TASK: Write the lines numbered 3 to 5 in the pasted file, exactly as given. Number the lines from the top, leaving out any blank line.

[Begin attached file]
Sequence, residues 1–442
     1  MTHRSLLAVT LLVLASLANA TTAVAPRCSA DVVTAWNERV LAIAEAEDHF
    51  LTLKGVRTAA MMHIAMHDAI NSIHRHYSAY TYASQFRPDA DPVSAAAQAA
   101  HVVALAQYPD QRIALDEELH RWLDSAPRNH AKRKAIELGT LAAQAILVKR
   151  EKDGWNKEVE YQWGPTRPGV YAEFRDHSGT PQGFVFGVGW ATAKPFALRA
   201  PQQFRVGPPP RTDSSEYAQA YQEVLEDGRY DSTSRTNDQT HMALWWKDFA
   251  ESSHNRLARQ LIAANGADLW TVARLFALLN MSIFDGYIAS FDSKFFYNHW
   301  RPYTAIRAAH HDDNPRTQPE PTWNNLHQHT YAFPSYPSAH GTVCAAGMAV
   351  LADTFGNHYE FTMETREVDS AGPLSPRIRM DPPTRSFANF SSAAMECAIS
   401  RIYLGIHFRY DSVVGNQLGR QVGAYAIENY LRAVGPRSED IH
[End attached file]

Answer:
    51  LTLKGVRTAA MMHIAMHDAI NSIHRHYSAY TYASQFRPDA DPVSAAAQAA
   101  HVVALAQYPD QRIALDEELH RWLDSAPRNH AKRKAIELGT LAAQAILVKR
   151  EKDGWNKEVE YQWGPTRPGV YAEFRDHSGT PQGFVFGVGW ATAKPFALRA